A “culture ambassador” is essentially a company cheerleader—someone who’s always engaged and enthusiastic about building, maintaining, and sharing an excellent culture within a workplace. Banks need culture ambassadors to show both potential customers and potential employees what separates them from the competition. After all, a bank’s culture goes beyond a logo, some standard messaging, and a service line. It’s about the brand personality.
What many banks don’t realize, however, is that their best culture ambassadors are their current employees. Banks should give enthusiastic employees the platform they need to amplify their voices. When a bank’s own employees are its cheerleaders, people start seeing the bank as more than a faceless company. By tapping into employees’ personal networks, banks build consumer trust and expand their audience exponentially.
To illustrate, imagine that you’re searching for a new bank. A simple Google search for nearby banks generates several results. The first is one you’re familiar with. You’ve seen people in your social networks post about it online, and a few of your acquaintances who work there are always raving about the workplace culture. Right below is another brand you’ve heard of—but the only thing you know about it is that it offers some cool products and services. Which option are you more likely to pursue? For most, the answer is obvious.
Empower your cheerleaders.
How do you use employees to market bank culture and build trust? Try these three tips:
1. Align with changing culture preferences.
Today’s professionals aren’t looking for the same workplace cultures their parents did. For instance, young recruits are just as likely to ask a potential employer about its corporate social responsibility program as they are to ask about pay and growth opportunities. Additionally, the next generation expects its employers to actively build a diverse workplace throughout every rung of the corporate ladder—from bank tellers to managers to C-suite executives.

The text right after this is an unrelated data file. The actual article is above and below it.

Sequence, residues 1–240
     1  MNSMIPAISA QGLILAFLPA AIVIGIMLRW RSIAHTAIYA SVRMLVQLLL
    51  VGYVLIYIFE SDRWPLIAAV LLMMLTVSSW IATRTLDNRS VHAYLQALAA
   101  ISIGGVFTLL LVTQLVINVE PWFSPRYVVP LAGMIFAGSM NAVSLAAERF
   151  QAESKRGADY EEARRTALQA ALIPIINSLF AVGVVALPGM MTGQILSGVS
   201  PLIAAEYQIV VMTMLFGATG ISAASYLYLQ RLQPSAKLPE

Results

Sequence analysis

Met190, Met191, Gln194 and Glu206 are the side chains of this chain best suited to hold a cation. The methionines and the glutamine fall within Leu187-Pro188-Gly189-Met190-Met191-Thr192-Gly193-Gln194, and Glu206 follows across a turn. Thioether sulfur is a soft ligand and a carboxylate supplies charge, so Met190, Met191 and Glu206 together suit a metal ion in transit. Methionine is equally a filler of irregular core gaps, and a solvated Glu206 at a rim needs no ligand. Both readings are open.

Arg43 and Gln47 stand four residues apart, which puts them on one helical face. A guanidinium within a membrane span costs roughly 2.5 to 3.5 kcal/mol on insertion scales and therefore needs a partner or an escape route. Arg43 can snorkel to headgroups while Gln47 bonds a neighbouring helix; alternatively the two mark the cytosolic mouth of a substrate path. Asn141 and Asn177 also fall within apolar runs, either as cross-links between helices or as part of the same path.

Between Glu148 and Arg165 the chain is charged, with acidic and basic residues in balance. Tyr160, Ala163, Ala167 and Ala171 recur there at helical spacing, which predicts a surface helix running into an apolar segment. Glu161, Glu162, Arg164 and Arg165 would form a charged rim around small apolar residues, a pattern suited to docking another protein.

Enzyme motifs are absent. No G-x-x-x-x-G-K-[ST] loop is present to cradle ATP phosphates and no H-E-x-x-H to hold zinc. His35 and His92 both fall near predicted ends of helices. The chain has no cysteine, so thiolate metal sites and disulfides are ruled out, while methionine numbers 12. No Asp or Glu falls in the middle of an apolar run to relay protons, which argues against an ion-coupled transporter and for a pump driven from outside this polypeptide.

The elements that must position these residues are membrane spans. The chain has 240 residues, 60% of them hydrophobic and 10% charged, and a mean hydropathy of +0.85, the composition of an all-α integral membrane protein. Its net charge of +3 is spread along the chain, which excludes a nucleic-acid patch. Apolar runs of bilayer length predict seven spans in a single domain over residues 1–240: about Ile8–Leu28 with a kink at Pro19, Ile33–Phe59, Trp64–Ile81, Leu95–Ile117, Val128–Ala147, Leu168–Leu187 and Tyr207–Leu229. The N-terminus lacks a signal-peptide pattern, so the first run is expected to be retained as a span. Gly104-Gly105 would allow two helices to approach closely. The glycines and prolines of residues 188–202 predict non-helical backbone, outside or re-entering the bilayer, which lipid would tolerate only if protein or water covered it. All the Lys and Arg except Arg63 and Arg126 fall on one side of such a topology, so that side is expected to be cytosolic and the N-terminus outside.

Banks can benefit greatly from building and promoting a culture that aligns with changing preferences. One study, for instance, reported that turnover rates at companies with strong cultures hovered around 14 percent. In comparison, turnover rates at companies with weak cultures were as high as 48.4 percent.
2. Go where the people are.
Traditional forms of advertising (such as print, TV, and radio) are often too passive to build meaningful relationships. Most younger audiences don’t pay attention to interruptive messaging anyway—and 71 percent of consumers in the younger generation say they’d rather visit the dentist than hear a financial institution’s message. Ouch! So your second order of business is to think about ways to use new channels to better reach your audience.
Social media is an ideal engagement vehicle because consumers are already there—and they’re looking to interact. Banks benefit because they can promote their cultures in real time. Plus, by nature, social media is set up to foster two-way dialogue, so banks can stop talking at consumers and start talking with them.
3. Bring employees to the forefront.
Young professionals don’t want to be passive bystanders in their company’s culture. They want to help build and promote it, humanizing their employers in the process. So harness your employees’ social networks to distribute branded content. Doing so will increase trust and turn your employees into thought leaders. According to LinkedIn, consumers are twice as likely to engage with a social media post when it comes directly from employees, rather than the brand itself.
That said, while employees are your best messengers, they shouldn’t own the content creation process. Consistency is key when it comes to social selling, and you need to ensure that all content aligns with compliance standards. Instead, create and distribute branded content for employees’ personal pages.
Employees are the lifeblood of any institution, and getting them publicly engaged and active on behalf of the company is the best way to show the world how the banking industry has changed. New recruits and customers need to know that their banks care about them, and how they treat their employees is usually a clear indicator.